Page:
The first edition of the Key Recommendations for a Strengthened use of Science and Technology in Disaster Risk Reduction in the Americas and the Caribbean, presents findings regarding the effect and significant role of scientific and technological research on strengthening the implementation and formulation of sound DRR policies.
In recent years, countries in Latin America and the Caribbean substantially improved their disaster response capacity. However, given the need to further place DRR at the center of the sustainable development agenda / the need to effectively address the underlying factors of risk, efforts should instead focus on the creation and implementation of integrated disaster risk management strategies. To such end, widespread consensus within the international DRR community points towards the need for comprehensive and sustained use of science and technology (S&T) in practice and policymaking.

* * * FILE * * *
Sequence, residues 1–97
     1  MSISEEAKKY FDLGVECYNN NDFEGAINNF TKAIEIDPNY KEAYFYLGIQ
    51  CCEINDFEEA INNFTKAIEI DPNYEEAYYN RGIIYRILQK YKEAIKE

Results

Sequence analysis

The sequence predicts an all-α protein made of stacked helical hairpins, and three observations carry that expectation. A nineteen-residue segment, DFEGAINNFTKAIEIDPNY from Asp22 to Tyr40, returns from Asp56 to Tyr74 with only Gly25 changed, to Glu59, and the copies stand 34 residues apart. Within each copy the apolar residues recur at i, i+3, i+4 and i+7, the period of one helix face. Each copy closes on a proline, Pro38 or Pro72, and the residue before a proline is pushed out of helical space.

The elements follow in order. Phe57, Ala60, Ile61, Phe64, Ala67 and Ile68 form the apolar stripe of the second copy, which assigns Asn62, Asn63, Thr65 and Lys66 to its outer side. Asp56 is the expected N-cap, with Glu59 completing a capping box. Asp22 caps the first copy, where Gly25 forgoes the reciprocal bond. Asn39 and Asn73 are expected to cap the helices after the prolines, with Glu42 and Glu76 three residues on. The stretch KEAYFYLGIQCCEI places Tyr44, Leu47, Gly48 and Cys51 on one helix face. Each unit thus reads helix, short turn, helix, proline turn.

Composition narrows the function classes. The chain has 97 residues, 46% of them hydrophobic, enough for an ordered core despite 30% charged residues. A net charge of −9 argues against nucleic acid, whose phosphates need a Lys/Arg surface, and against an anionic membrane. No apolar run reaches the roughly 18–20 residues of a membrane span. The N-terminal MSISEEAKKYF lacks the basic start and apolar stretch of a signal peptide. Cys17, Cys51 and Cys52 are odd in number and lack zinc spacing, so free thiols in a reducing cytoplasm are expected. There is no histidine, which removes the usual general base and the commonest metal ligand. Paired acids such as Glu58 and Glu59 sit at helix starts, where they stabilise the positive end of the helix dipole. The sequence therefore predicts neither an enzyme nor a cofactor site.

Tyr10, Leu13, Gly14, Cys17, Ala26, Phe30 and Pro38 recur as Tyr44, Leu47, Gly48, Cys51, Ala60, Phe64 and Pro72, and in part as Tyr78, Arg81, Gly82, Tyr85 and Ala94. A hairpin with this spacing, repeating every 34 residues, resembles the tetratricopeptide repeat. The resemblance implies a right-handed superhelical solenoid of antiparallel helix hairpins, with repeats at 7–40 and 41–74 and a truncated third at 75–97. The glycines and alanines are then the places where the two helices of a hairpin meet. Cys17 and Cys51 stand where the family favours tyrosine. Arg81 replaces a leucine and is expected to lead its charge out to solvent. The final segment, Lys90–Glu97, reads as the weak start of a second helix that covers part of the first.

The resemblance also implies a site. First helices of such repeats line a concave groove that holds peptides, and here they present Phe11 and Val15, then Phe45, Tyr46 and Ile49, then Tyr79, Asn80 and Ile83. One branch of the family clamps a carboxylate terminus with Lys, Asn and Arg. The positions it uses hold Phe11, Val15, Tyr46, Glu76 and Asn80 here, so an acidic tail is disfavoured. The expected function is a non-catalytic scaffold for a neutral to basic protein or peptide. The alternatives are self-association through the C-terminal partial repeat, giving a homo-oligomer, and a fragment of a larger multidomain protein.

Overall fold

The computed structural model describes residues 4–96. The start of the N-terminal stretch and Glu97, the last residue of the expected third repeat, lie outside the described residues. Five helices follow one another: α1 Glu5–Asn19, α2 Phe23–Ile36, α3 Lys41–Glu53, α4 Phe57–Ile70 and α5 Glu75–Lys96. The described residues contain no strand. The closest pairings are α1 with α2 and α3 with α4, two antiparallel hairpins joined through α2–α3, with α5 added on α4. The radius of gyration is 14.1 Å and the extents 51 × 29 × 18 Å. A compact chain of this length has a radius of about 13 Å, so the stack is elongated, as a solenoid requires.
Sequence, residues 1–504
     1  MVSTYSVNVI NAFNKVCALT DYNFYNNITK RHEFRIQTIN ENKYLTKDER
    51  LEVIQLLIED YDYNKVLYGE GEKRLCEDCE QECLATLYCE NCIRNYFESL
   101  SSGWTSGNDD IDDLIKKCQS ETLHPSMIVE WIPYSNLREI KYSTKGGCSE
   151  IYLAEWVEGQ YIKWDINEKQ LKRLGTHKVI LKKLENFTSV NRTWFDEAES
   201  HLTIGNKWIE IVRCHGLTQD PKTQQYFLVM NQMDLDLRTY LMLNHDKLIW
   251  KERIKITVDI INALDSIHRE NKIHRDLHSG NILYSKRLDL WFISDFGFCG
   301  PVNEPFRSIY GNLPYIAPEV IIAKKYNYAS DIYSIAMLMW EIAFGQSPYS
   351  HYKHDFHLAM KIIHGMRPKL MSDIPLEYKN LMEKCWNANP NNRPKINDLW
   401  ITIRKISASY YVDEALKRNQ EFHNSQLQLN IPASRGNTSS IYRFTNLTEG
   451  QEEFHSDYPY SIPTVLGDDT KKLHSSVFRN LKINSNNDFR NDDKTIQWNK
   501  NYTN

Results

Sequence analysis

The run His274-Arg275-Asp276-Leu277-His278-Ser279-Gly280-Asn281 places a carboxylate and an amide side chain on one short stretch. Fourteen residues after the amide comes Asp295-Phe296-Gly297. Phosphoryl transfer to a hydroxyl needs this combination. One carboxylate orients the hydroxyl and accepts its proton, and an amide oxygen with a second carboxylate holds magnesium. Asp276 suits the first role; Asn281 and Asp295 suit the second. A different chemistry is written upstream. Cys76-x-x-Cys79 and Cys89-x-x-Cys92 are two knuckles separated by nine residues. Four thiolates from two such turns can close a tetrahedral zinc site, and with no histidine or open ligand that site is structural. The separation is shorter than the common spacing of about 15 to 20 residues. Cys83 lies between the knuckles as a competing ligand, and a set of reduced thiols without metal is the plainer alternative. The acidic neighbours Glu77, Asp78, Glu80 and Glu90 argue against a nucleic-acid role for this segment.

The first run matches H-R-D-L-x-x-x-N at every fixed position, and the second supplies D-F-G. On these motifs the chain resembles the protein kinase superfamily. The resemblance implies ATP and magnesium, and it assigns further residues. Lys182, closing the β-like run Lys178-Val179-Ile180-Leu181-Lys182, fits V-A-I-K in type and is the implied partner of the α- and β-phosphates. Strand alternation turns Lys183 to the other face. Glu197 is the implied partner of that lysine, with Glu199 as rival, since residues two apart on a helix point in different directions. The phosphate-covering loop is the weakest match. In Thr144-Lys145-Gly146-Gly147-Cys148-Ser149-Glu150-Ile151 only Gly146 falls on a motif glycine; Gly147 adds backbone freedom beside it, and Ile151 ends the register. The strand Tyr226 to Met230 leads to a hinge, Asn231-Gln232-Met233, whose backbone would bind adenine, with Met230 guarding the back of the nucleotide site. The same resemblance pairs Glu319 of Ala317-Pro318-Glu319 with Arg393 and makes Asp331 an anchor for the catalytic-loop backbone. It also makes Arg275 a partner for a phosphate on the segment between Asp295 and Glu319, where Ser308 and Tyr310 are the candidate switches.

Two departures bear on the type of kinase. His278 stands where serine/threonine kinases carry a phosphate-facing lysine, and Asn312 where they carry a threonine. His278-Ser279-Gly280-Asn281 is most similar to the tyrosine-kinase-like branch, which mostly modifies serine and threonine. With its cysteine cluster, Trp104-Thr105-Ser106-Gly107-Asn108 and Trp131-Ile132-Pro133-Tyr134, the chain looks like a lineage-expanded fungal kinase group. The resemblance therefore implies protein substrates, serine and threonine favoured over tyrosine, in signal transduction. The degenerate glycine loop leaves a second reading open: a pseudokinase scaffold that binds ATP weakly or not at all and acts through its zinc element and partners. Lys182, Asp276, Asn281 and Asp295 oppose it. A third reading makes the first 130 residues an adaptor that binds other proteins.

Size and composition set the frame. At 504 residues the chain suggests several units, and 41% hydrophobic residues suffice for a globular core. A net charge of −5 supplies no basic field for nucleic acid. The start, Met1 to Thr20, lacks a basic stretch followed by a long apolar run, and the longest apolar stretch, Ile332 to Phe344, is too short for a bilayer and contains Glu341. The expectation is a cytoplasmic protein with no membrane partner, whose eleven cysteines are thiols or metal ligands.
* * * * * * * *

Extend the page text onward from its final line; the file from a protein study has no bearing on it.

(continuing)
The recently developed Regional Assessment Report on Disaster Risk in Latin America and the Caribbean (RAR 2021) calls for a fundamental shift in understanding disaster risk and its drivers, as well as for enhanced governance to reduce them. Other concerns include insufficient availability of information on risk and disasters, the need to tackle disaster root causes, the urgency to promote sustainable investments in corrective and prospective risk management, and a call for better understanding and management of disaster risk in urban areas. All these issues require a transition in the focus of governance, from disasters to disaster risk management that guarantees a profound impact on development (UNDRR, 2021).
In combination with pragmatic experience, these insights reinforce the need for a strengthened science and technology community (S&TC) in policymaking. Such integrated approach for disaster risk management will likely bridge the gap between science, policymaking, and implementation. Hence, this document outlines a series of recommendations for a Strengthened use of Science and Technology in Disaster Risk Reduction in the Americas and the Caribbean.